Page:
When polling companies call me, I always ask to be paid before I answer any questions. If they are going to make money off of my opinions, I want my cut.

They always decline to pay me, I always decline to answer.
Go, thou, and do likewise.

Tuesday, October 13, 2015

The Atheist's Dilemma

Socrates was not an atheist (far from it), but his dilemma has often been invoked by atheists to "prove" the Christian idea of God is self-contradictory. This is Euthyphro's dilemma:
Is what is morally good commanded by God because it is morally good, or is it morally good because it is commanded by God? 
If the former, then there is something (morality) greater than God, that even God must conform to. If the latter, then God is arbitrary and not reasonable at all. 
The answer requires the acceptance of only two concepts. If, for purposes of argument, we accept two propositions: (1) each being has its own characteristic nature, and (2) God is pure existence, the source of all existence, then there is no dilemma, at least none in Christian theology.

Morality is not the result of God issuing commands.
The moral life is who God is and God does not change.

Now, one may respond that anything which does not change is dead, yet that response cannot explain the fact that, even on the physical plane, we are composed of things that do not change, yet we live.

God is pure Act, pure Being. Morality is the nature of God. To say that we conform ourselves to moral law is to say we are only fully ourselves when we live as the image and likeness of the God in Whose image and likeness we are made.

Socrates' false dilemma comes from the wrong idea that morality is a command.
It isn't.

Morality is Being. Morality is Act. God is pure Act. When God reveals Himself to us, even through the physical revelation that is the physical universe (the heavens are telling the glory of God), our being responds to His self-revelation. Even physical contact with the universe elicits a response from us (we, who are made in His image). We respond with an answering recognition, a desire to live as He lives, to "be ye holy as God is holy." This is the moral compulsion each man experiences. It is not a command from God, it is our own human nature responding to His divine nature - Deep calls to deep across the void. God does not command us to live according to His moral law. Rather, if it can be considered a command at all, we command ourselves to live the moral law, because - when we encounter Him, even if ever so remotely - we innately and inchoately desire to live as He lives.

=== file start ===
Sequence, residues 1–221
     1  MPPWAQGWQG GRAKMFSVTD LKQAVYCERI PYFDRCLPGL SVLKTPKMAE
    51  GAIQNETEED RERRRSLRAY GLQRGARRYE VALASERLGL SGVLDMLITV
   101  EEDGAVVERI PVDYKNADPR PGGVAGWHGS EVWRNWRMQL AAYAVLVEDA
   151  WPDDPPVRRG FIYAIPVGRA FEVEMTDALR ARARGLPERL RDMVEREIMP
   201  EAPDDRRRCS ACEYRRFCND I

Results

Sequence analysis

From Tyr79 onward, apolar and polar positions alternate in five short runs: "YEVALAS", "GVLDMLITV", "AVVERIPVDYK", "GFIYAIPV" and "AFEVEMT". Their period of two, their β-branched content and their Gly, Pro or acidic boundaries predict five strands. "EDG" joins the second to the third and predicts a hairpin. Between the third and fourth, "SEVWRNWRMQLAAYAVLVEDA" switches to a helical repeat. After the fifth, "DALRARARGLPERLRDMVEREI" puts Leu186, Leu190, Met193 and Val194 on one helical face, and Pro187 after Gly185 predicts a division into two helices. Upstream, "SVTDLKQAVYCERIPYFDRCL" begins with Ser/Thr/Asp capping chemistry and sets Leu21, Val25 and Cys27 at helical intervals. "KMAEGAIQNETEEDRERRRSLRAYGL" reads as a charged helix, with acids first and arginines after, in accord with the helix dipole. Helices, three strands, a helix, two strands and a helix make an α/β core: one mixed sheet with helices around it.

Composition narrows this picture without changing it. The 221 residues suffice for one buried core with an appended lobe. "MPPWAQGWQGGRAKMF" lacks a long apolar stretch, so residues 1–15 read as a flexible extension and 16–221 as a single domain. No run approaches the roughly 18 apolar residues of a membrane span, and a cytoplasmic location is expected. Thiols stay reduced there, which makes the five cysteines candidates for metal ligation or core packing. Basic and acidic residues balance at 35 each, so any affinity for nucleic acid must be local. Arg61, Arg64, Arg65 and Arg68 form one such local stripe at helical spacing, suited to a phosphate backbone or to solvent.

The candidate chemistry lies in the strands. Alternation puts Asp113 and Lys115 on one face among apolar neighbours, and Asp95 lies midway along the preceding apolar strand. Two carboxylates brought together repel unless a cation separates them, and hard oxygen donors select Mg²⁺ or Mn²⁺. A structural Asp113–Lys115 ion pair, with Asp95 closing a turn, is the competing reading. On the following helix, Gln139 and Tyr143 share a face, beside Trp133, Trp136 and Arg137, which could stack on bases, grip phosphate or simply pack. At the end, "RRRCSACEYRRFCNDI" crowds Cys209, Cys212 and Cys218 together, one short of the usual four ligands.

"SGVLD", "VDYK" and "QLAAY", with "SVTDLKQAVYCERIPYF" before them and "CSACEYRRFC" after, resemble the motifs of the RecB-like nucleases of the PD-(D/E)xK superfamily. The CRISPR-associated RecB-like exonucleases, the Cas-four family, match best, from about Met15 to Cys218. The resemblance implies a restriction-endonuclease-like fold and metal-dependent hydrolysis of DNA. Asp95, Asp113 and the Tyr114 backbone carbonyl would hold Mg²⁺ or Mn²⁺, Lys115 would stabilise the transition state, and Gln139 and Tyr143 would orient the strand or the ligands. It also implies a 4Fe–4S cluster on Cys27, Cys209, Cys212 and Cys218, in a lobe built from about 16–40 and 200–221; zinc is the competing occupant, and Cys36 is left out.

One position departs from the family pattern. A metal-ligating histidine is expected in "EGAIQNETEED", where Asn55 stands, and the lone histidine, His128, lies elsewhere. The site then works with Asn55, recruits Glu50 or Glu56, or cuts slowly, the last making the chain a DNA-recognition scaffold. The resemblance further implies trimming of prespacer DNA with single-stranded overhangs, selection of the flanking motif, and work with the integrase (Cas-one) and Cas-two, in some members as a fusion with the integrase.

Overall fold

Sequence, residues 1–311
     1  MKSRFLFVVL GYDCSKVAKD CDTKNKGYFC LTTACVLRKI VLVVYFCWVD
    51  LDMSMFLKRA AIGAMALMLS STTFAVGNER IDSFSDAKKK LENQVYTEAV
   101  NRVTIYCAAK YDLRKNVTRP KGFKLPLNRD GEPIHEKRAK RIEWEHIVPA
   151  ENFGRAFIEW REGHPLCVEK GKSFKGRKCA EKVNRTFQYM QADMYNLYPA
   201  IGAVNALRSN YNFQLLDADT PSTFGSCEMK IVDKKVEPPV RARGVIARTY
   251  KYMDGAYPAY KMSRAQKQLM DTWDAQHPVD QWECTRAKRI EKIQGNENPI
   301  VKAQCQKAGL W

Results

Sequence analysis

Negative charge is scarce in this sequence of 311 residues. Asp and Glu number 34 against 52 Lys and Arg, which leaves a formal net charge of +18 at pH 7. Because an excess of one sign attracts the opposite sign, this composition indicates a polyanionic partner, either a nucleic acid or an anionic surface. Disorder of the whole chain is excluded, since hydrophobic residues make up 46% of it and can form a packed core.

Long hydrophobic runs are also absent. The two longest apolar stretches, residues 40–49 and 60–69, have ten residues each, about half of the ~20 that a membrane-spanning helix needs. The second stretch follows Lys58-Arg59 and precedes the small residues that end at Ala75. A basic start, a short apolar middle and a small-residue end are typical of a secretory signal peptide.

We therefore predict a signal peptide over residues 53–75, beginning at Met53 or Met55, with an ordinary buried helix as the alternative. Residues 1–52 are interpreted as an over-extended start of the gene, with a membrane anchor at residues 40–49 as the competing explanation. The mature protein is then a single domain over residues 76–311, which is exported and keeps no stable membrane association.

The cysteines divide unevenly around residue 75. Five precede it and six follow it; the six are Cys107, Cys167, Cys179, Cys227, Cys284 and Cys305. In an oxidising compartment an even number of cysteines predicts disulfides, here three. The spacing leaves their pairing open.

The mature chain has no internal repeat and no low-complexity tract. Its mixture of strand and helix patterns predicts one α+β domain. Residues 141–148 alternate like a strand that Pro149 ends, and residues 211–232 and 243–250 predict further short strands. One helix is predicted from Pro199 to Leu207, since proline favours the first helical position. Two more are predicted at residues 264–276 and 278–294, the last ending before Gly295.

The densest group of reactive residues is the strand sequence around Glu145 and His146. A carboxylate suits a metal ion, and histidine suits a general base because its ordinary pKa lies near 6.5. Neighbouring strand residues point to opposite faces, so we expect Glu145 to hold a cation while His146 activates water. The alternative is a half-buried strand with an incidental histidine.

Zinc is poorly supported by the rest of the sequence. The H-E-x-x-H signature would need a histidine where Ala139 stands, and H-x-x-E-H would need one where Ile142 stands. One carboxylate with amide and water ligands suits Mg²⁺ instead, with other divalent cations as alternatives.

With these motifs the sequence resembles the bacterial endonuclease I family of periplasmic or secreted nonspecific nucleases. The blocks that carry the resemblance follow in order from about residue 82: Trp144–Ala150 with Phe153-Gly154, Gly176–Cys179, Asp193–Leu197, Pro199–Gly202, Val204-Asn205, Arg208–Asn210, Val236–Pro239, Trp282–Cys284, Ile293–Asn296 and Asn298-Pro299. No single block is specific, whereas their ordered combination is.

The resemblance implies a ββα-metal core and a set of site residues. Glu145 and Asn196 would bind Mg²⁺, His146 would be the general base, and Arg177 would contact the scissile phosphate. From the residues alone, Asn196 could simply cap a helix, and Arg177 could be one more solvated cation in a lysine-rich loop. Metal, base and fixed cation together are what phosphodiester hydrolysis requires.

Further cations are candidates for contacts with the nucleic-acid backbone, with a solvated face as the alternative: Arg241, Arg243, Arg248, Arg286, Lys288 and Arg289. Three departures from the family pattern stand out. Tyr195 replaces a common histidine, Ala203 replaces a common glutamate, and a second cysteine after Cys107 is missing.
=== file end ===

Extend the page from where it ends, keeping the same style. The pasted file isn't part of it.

Socrates and every other philosopher who saw the relationship between God and "His commands" as a dilemma only saw it as such because they didn't understand what Augustine, Anselm, and Aquinas did understand. Morality ultimately isn't about command. It is about image and likeness, Persons and personhood, God's Own Divine Nature and its (broken) mirror, our human nature.

Socrates could not understand this because he did not have the tools. The idea of "person" is a Christian idea. The word "person" was stolen by Christians from Greek stage plays and redefined to help people understand the three Persons of the Trinity. Since Socrates did not have the Christian understanding of either "person" or "nature", he could not resolve the problem that he faced. He believed in God, but - without the revelation of Jesus Christ - he didn't know how to answer the dilemma he faced.

More Questions on the Synod


The synod wasn't assembled by the catholic media that you've been so prone to criticize. It was called by the Pope, and he does what he wants, like you said.

So we have a Pope who has assembled a pointless synod and replaced certain conservatives with liberals. And you blame the "catholic media".

Do you blame the catholic media when the Pope says certain things about homosexuality, and within weeks, Illinois politicians pass a gay marriage law quoting these very same words the pope so careless used?


Yes, the synod was called by the Pope. The Pope's job, along with the bishops, is to explain the Faith to the world. That means the bishops need to have an explanation for any nonsense the world spews.